Just Say No to the Taxi Bailout

A New York City monopolist wants a taxi bailout because he is too big to fail.

The great news here is that innovative technology led to legal loopholes that, for the first time in ages, brought competition to the taxi monopoly. As a result, we are about to see our first major failure of the old business.

Thus, the New York Times reports,

A medallion’s value is determined by the expectation of future taxi revenue. The real income generated by medallions is affected by competition from Uber, and also by the expansion of the city’s green cab program, which created a new class of vehicles that picks up street-hailing passengers outside Manhattan.

As Mr. Freidman himself noted, he is no longer able to charge the city’s legal maximum lease rate for yellow cabs because fewer people are interested in driving them; this is a fundamental reason prices are declining. 

So because consumers now have options, they can demand lower prices from traditional taxi services, or else decide to forego taxi services altogether.

One of New York City’s largest taxi fleet owners is asking for a bailout.

Evgeny Freidman, known as Gene, said in an interview Thursday that the taxi industry, like the financial industry, was too big to fail. He would like the city to guarantee taxi medallion loans, which would induce banks to extend more credit to fleet owners like him, and he compares this approach to the federal government’s actions to save large banks and insurers in 2008.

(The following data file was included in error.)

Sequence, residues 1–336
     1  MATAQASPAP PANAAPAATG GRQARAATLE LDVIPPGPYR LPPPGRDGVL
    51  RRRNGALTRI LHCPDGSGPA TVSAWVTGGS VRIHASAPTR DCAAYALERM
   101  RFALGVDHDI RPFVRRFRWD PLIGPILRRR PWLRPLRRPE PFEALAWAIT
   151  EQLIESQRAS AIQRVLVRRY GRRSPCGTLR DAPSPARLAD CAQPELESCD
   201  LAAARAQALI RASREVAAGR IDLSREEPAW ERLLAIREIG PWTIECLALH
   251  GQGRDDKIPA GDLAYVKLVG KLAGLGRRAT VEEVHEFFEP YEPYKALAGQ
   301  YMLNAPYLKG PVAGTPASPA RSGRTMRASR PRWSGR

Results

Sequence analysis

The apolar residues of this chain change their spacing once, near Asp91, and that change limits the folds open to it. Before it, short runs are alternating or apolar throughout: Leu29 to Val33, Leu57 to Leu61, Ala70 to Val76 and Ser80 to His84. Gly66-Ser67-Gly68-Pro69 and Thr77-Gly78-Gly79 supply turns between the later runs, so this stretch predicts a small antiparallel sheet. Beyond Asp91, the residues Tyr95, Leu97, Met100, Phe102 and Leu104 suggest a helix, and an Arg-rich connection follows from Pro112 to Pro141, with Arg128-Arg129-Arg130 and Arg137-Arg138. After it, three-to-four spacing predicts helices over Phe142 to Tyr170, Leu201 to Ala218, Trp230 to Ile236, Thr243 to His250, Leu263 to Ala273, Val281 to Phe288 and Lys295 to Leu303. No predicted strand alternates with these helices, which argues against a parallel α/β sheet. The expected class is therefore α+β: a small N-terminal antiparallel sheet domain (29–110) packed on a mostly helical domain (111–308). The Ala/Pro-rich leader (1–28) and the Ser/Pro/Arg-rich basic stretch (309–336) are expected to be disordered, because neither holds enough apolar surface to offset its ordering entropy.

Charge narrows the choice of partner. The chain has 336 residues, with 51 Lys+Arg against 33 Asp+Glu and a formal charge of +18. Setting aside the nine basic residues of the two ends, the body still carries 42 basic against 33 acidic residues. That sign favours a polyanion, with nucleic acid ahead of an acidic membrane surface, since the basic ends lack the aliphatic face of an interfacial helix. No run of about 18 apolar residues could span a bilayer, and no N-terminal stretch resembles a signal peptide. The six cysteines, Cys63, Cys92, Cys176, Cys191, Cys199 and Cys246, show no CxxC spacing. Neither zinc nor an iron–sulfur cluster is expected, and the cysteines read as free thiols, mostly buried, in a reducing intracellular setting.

“I still see Bernanke saying, ‘I hate A.I.G.; I don’t want to give them any more money, but I have to,’ ” he said, referring to the former Federal Reserve chairman Ben Bernanke and the large insurer that was bailed out in 2008.

Mr. Freidman’s problem is not unlike that of any homeowner who bought real estate in the early part of the century thinking prices could only go up. In New York, medallions, the license that is required to operate a yellow taxi, are fixed in number, and their price rose for decades because of increased demand and restricted supply.

So now, Freidman has found he can no longer take out loans to buy medallions. In fact, he is in court with Citibank, which is claiming 87 medallions as repayment for loans that are due. He claims that if he goes bankrupt, the value of medallions across the country will crash.

So what?

We don’t need a monopoly taxi business. We never needed such a business. It was nothing but an exploitation of riders. The fact that groups like Uber and Lyft are causing business disruption to a city monopoly taxi business is wonderful news!

Consumers create demand for services and the market endeavors to meet that demand. There was never any reason for the government to be involved in that process in the case of taxi service. In fact, the only reason the government got involved was so that it could extract revenue.